Dylan Wooters is a photographer and writer from California, living in NYC. His photographs depict his encounters through the various cities he has lived or traveled to. Mr. Wooters has also followed the Bay area graffiti scene and taken numerous photos documenting his experience. Check out his Flick’r account, as well as his website, for more of his photos and writings.
Arielle Coupe creates work that feels as if it were a scene from an avant garde horror film. It’s always a good feeling to be creeped out and intrigued simultaneously.
Artie Vierkant is an artist from San Diego, CA. His work includes paintings, sculpture, and a massive array of digital works. He has even taken Avatar the movie and superimposed it onto a spinning sphere. Most of the works “concern how digital media can constitute fully tangible objects.” His work includes too much to mention. Check out his site and more of his work.
I believe we were at Adobe Books on 16th Street in San Francisco when Sonny Smith first told me about his ambitious project 100 Records. It was one of many conversations Sonny was having with other artists; simply asking them if they would make artwork for the record cover of a fictitious band. The exhibit opened a few weeks ago at Gallery 16 and instead of writing more about the project, I would invite you to read Victoria Gannon’s review on Art Practical. I would also suggest that you watch KQED‘s feature with words from Sonny Smith himself. Exhibition closes May 28th. Will travel to other cities this Summer/Fall. Enjoy more images after the jump…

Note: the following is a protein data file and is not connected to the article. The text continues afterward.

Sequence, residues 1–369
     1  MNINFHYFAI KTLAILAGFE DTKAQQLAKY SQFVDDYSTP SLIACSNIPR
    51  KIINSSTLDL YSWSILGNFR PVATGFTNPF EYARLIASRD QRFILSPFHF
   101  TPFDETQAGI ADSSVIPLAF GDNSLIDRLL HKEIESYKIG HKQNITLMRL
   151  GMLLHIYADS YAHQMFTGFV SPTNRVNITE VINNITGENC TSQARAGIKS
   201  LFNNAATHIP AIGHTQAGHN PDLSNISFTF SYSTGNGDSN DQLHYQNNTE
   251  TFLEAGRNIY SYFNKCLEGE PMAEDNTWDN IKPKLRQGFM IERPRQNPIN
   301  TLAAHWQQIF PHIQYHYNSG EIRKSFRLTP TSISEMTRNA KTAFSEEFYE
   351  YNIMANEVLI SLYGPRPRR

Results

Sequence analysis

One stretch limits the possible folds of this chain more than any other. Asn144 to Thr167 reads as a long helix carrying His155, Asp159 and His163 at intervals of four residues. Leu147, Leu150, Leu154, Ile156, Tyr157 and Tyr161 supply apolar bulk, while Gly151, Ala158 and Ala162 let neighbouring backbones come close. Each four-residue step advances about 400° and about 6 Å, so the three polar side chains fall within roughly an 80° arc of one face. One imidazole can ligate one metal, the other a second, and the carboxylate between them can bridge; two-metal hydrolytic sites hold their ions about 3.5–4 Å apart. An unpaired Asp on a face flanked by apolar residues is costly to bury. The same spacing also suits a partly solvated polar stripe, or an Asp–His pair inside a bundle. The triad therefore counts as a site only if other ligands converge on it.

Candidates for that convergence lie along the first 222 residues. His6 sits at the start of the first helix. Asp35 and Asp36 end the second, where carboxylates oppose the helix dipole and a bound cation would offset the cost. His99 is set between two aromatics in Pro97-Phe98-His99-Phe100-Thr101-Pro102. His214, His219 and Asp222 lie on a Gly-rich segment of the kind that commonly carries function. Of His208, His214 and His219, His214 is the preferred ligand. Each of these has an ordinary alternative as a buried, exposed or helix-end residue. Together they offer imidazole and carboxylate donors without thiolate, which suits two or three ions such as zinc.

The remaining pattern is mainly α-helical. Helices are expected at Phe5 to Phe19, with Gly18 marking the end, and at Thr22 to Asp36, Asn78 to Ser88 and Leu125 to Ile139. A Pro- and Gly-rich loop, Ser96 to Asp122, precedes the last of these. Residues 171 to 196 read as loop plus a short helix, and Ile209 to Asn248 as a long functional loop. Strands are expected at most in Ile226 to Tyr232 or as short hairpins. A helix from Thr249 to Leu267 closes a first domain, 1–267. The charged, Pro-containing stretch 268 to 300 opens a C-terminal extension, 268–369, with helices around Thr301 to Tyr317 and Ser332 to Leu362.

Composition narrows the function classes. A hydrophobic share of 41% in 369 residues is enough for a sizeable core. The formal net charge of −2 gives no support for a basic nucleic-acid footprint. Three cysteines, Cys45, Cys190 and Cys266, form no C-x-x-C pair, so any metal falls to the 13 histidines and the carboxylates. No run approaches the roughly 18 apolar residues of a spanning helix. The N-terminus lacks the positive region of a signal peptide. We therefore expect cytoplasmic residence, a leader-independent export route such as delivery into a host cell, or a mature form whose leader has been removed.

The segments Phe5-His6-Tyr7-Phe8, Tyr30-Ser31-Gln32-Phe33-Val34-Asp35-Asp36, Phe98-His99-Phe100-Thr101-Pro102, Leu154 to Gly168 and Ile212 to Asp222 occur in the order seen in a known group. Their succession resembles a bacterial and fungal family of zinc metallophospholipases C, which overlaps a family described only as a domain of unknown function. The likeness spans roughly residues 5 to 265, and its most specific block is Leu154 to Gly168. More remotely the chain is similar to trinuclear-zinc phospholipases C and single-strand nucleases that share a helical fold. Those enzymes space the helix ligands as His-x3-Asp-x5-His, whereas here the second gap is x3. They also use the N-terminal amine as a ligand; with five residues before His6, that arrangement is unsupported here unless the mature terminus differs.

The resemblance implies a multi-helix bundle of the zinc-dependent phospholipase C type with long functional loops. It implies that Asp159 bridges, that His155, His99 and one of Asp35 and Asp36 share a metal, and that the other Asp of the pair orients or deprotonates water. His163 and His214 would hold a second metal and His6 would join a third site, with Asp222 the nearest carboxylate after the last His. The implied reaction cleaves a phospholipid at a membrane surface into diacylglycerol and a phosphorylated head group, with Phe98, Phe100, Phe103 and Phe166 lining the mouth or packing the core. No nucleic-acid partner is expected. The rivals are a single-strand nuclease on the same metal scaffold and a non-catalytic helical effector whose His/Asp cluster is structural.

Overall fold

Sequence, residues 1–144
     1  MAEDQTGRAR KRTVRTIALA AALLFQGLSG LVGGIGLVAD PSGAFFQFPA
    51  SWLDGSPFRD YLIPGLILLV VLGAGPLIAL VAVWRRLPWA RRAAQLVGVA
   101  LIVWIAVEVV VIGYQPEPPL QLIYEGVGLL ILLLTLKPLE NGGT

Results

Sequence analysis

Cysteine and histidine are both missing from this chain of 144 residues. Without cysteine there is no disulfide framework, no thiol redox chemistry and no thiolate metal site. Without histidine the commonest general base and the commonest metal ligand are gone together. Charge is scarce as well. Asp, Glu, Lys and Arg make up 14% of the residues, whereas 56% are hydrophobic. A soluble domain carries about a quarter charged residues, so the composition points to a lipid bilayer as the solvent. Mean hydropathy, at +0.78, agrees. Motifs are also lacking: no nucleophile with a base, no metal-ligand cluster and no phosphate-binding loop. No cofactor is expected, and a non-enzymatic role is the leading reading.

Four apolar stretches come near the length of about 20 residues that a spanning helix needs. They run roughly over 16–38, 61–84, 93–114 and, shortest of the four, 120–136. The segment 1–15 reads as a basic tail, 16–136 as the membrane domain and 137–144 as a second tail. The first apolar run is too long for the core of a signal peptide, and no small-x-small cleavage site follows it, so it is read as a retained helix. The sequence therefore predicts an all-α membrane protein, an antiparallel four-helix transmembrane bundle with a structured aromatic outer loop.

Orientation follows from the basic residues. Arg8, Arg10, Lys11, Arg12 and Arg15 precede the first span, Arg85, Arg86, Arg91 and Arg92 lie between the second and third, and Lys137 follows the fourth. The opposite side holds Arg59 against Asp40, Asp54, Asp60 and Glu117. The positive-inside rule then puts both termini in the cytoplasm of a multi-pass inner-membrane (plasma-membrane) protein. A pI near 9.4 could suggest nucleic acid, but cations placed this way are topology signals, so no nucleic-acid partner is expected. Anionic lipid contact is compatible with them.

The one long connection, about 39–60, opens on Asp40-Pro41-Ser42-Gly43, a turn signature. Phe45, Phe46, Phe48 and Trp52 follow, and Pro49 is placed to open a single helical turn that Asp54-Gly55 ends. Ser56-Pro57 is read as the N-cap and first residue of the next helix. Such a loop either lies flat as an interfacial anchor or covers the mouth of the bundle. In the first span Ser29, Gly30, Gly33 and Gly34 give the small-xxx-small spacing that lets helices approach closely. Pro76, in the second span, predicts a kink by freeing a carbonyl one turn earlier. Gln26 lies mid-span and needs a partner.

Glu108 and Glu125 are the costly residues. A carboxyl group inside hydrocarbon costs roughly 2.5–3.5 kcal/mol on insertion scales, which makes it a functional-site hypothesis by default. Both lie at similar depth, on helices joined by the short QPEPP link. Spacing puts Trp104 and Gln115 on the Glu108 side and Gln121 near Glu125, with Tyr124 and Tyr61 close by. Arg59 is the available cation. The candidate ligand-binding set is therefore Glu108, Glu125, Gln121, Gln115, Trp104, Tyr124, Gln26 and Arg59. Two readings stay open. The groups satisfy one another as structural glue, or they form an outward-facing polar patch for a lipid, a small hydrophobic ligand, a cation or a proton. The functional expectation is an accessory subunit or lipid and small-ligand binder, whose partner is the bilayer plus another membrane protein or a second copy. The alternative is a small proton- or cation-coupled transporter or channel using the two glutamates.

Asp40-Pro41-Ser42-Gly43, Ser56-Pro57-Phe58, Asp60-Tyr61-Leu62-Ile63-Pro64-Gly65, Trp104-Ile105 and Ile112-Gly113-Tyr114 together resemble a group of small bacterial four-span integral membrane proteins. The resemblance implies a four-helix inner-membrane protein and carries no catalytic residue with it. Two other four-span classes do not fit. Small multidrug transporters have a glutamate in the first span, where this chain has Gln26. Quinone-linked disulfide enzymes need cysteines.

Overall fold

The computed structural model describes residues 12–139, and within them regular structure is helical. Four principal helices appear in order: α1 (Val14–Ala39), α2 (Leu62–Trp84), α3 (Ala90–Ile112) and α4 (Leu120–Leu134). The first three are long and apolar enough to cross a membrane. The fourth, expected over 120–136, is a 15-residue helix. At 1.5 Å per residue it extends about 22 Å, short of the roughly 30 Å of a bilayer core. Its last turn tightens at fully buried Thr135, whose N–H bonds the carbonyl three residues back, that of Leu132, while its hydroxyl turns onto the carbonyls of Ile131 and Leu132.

*All images courtesy of Gallery 16 San Francisco
Bjorky is an illustrator and animator living in Los Angeles. His work, according to him, is social commentary depicted through the fantasy realm. Whatever the reason behind his art, there is no denying how cool and interesting it really is.
Matthew Kelly is a photographer living and working in NYC. His photography is definitely nothing less than unique. His current project “As My Father,” depicts a young man stepping into his father’s shoes, literally. Matthew’s other photos have the same portrait like qualities, and just like the first project, tell a dramatic story. Check out his website for more of his work and upcoming projects.
Magical mystical fractals! Sometimes you get hit with the geometric abstraction stick, and sometimes you don’t, and it’s plain to see that Michael Knutson got hit over the head with it. Knutson has also been a professor of art at Reed College in Oregon for the last 30 years, so go ahead and assume that he knows a thing or two about his craft. More at Blackfish Gallery and Greg Kucera Gallery.